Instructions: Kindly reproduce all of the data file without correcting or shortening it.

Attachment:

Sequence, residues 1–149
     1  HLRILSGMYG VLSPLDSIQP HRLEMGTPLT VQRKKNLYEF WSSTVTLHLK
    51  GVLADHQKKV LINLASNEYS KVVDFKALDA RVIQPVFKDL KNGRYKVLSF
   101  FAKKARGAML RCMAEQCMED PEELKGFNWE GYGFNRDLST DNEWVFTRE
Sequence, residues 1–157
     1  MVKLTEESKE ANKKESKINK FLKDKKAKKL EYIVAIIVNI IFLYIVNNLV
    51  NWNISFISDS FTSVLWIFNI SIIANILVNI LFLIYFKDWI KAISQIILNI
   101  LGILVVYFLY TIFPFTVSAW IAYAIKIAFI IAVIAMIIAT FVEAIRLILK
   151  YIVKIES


Sequence, residues 1–149
     1  HLRILSGMYG VLSPLDSIQP HRLEMGTPLT VQRKKNLYEF WSSTVTLHLK
    51  GVLADHQKKV LINLASNEYS KVVDFKALDA RVIQPVFKDL KNGRYKVLSF
   101  FAKKARGAML RCMAEQCMED PEELKGFNWE GYGFNRDLST DNEWVFTRE
Sequence, residues 1–157
     1  MVKLTEESKE ANKKESKINK FLKDKKAKKL EYIVAIIVNI IFLYIVNNLV
    51  NWNISFISDS FTSVLWIFNI SIIANILVNI LFLIYFKDWI KAISQIILNI
   101  LGILVVYFLY TIFPFTVSAW IAYAIKIAFI IAVIAMIIAT FVEAIRLILK
   151  YIVKIES